On September 3, Suzanne Vega brings her distinctive songs of city life and ordinary people to Guild Hall in East Hampton. The artist, known as one of the leading figures of the ’80s folk revival, continues to reinvent the folk genre with an upcoming album due out in October titled Lover, Beloved: Songs from an Evening with Carson McCullers. Vega took some time to speak with us about her songwriting inspiration, upcoming album and the praise she received from the late Prince.
What is it about the folk genre that you enjoy and find unique?
The acoustic guitar—I love the sound. The acoustic guitar is relatively cheap, which was important to me because I grew up in New York City, where you don’t have garages where you can go and rehearse, so having this guitar was a wonderful way of expressing myself as a teenager. I could just go into my room and write songs all by myself, and then go out and sing them. I think that’s sort of its great strength—you can do it as one person. I think for that reason folk music will always be alive.
Where does the inspiration for your songs come from?
I’m inspired mostly just by people’s faces in the city, walking around and thinking about people in their daily life and what they’re experiencing. It’s a combination of things I see, things I already know and then a fantasy component.
What are some of your favorite songs to perform?
I love “Caramel,” which to me is a very sensual song. “Luka” is a song that has a lot of meaning for a lot of people, and it still connects with audiences, and “Tom’s Diner” has become this great celebration. It brings back memories of rave parties in the ’90s, which is a very happy memory for a lot of people, so everyone kind of joins in on that, which I love.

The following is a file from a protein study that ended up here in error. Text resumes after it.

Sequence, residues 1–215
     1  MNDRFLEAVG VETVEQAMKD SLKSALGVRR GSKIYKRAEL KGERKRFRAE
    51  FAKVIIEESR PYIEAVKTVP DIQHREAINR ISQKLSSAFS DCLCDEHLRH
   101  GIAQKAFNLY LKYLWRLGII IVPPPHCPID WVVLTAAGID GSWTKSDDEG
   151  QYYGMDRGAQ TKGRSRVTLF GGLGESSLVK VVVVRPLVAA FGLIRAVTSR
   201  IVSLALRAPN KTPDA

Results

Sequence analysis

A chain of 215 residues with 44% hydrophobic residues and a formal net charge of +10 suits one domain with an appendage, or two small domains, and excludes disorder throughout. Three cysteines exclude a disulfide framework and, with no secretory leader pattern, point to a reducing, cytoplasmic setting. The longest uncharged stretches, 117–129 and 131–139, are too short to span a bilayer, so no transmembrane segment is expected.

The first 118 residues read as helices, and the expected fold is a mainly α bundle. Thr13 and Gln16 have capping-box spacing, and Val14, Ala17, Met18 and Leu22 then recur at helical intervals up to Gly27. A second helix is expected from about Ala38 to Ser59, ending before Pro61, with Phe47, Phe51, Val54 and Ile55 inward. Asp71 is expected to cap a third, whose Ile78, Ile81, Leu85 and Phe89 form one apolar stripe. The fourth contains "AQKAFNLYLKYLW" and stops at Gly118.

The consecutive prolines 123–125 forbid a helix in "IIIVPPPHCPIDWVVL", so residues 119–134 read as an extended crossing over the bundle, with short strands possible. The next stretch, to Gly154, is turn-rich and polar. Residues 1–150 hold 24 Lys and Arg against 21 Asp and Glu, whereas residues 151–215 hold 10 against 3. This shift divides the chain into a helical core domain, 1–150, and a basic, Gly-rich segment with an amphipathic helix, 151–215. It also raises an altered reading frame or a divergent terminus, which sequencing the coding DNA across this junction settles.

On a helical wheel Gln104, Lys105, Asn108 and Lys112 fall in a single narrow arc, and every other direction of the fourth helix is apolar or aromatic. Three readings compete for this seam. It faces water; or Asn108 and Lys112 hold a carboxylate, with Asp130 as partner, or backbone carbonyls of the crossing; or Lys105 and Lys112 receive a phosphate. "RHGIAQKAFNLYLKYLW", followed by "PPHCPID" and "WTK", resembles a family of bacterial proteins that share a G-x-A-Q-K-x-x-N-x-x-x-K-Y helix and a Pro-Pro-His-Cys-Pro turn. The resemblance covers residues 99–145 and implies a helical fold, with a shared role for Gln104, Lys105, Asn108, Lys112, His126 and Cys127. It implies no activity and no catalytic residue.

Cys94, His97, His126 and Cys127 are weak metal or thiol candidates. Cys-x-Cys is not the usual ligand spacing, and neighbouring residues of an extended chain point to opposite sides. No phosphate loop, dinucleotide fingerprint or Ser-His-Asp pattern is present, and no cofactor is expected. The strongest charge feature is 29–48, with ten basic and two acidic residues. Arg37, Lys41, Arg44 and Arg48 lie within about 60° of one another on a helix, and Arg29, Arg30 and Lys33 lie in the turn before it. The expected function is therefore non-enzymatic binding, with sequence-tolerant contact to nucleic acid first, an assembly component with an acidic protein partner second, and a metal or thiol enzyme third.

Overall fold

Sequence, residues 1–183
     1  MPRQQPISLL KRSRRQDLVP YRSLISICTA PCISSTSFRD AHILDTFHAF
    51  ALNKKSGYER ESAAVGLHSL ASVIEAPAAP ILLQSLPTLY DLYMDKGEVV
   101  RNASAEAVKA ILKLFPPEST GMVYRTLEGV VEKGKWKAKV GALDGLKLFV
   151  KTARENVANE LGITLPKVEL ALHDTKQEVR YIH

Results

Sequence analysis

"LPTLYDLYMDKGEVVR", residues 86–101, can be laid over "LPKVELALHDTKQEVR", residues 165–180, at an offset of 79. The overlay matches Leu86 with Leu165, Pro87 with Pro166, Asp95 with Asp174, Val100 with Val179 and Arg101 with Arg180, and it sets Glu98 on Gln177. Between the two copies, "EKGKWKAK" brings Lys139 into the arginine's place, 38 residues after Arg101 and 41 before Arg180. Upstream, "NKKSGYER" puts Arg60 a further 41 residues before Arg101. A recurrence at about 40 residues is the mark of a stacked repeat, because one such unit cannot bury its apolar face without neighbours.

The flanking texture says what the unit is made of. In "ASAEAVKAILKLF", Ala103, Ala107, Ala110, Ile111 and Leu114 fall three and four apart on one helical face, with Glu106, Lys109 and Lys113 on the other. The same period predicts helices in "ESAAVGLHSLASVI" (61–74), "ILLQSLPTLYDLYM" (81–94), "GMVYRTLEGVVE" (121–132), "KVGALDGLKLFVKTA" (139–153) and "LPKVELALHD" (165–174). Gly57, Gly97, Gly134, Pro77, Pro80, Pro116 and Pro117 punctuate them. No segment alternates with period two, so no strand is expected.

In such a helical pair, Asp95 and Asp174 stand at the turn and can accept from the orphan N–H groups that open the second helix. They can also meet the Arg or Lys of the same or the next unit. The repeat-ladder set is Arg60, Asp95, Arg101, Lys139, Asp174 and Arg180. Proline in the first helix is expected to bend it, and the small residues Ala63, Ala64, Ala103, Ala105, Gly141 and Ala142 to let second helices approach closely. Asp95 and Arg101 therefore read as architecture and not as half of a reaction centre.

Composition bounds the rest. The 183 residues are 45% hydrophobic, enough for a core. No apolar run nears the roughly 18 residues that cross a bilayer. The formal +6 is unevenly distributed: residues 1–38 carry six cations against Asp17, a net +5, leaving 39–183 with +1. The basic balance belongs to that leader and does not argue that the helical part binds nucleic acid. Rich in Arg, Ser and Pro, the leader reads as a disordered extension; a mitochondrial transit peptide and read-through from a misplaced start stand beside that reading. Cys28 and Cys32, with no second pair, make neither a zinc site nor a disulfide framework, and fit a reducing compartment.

Lover, Beloved: Songs from an Evening with Carson McCullers comes out on October 14. What can you tell us about the album?
This is a collection of songs about the life and work of Carson McCullers—the great southern author. She was such an unusual character, who was so far ahead of her time that she was both celebrated and ostracized in her day. I think she wrote in a very tough and compassionate way. These songs are to illuminate her world.
You once received a letter from Prince reading, “Dear Suzanne, ‘Luka’ is the most compelling piece of music I’ve heard in a long time.” What has this letter meant to you?
This letter was a high point of my career in some ways, not just his letter, but his love of that song. I’d never actually met him, but I know that when I performed on the Grammys he jumped to his feet at the end of my performance and cheered louder than anyone. It was such a shock when he died because he was so beautiful, and just always really rocked, like you never felt the passing of time with him.
You will be performing at Guild Hall on September 3—What do you most enjoy about Long Island’s East End?
The ocean. I have quite a few water songs, and one of them, “Widow’s Walk” was inspired by a couple of summers in Sag Harbor. Also seeing the architectural detail on some of the old houses there. And I love Dan’s Papers. Whenever I’m on the Jitney heading out there, that’s what I’m reading.
Suzanne Vega performs at Guild Hall, 158 Main Street in East Hampton on Saturday, September 3 at 8 p.m. For more information and to purchase tickets visit guildhall.org or call 631-324-0806.